Women in Pakistan face a lot of problems. From facing harassment at work to being brutally murdered, Pakistani women are usually the target of abuse.
According to a Human Rights Watch estimate, 70-90% of women in Pakistan suffered some form of abuse. In 2005, a study interviewed 176 married men about their opinions on domestic violence in Karachi. 46% said men have the right to beat their wives, while 65% saw their own mothers as victims of physical violence.
Due to the mindset, and misinterpretation of religion, the levels of violence against women are very high. Husbands or in-laws are usually the perpetrators of violence. In 2003, 216 married women participated in a study conducted in Islamabad. Out of those women, 96.8% experienced some form of domestic abuse.
80% of reported perpetrators are husbands and 17% by mothers or stepmothers.
Physical violence against women is not the only form of abuse. Women in Pakistan also face marital rape. Marital rape is sexual intercourse without the spouse’s consent. Marital rape is normalized in Pakistan as men are considered to be the sole owners and maintainers of their wives.
Read more: Violence against women: Who is responsible?
A 1999 report on 70 men aged 24-45 showed 54 to admit to having non-consensual relations with their wives. A 2015 study on Intimate Partner Violence in Pakistan shows individual reports of sexual violence as high as 77%, physical 50%, and psychological at 90% in women.
A large portion of women in Pakistan has no control over their bodies. Becoming a victim of marital rape often leads to unintended pregnancies. There were 2.4 million unintended pregnancies in 2002. 900,000 resulted in induced abortions. Due to a lack of safe methods of abortions, 200, 000 women were hospitalized for complications, and out of every 10 women, 1 woman died.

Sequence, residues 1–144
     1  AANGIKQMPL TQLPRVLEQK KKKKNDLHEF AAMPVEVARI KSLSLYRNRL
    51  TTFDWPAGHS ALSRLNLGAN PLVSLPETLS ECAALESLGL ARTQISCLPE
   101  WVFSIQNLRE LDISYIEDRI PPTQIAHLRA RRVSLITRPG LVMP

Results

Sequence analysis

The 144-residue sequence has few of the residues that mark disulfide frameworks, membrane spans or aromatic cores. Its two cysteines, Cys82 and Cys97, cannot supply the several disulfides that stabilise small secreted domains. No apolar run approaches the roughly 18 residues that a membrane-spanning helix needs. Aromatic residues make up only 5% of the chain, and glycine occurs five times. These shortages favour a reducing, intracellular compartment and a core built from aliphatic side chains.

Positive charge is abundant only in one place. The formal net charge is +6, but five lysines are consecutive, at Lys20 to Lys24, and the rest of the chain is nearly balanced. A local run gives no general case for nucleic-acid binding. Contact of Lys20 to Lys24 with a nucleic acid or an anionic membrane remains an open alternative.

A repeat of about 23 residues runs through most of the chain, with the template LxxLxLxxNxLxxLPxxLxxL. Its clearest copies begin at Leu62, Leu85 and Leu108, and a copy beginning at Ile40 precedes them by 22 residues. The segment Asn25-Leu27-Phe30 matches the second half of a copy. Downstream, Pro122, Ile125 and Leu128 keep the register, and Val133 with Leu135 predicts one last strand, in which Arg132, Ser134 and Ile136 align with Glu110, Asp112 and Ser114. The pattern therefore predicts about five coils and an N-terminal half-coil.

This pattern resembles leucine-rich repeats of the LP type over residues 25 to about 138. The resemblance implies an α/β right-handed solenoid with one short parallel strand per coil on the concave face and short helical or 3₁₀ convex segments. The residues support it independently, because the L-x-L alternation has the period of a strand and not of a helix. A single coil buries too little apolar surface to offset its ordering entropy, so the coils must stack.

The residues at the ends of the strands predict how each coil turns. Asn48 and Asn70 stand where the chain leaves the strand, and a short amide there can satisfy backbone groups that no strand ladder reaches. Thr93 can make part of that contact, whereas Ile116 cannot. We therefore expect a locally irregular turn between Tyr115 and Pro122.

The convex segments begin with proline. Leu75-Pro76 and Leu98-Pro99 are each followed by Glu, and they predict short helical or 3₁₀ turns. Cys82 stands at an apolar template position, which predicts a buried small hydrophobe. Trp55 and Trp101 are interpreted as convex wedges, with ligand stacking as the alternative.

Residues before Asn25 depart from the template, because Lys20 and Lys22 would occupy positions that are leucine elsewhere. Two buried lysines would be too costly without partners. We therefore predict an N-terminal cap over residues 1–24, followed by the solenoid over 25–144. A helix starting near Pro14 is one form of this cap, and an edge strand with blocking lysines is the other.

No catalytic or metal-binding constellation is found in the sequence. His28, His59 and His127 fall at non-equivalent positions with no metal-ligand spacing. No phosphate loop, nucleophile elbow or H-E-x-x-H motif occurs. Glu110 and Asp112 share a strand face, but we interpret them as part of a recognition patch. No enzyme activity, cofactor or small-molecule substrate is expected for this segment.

5/ 3% of pregnant women reported having a miscarriage,abortion or health problems due to violence during pregnancy.
Divorced, separated, and widowed women are more likely to have experienced physical violence (41%) than currently married women (27%). pic.twitter.com/YYMediB8dT
— #merajismmerimerzi (@thesedcat) March 9, 2021
There is also a lack of awareness regarding family planning in Pakistan as it is usually considered taboo. According to a Demographic and Health Survey (DHS), contraceptives use by married women remains stagnant since 2012, at a very low figure of 26%. Usually, the men take the decision of not using family planning methods.
Read more: The reality of family planning in Pakistan
Violence against women in the public sphere
Women in Pakistan face harassment and abuse in public as well. According to Madadgar Helpline, 93% of women in Pakistan experienced sexual violence in public places. 56% of the calls to them are from women while 13% are from men.
Since 2015, Pakistan has reported 22000 cases of rape, with an average of 11 cases reported per day. The conviction rate is 0.3%.
Women in Pakistan also face severe workplace harassment. As per a Dawn survey of 300 women on workplace harassment, colleagues and seniors told 35% of the women to remain silent. Furthermore, male teachers blackmail medical students over grades and promotions if they reject sexual advances.
Moreover, the cases of online harassment are increasing day by day in the digital era. Women are blackmailed through explicit photoshopped images. The FIA reported 8500 complaints by women in 2018/19. However, only 19.5% were investigated.
Due to all the problems faced by women in Pakistan, the Global Gender Gap Index ranks Pakistan as the 3rd worst country in the world based on political empowerment, economic participation, educational attainment, health, and survival. This is below Saudi Arabia and Iran.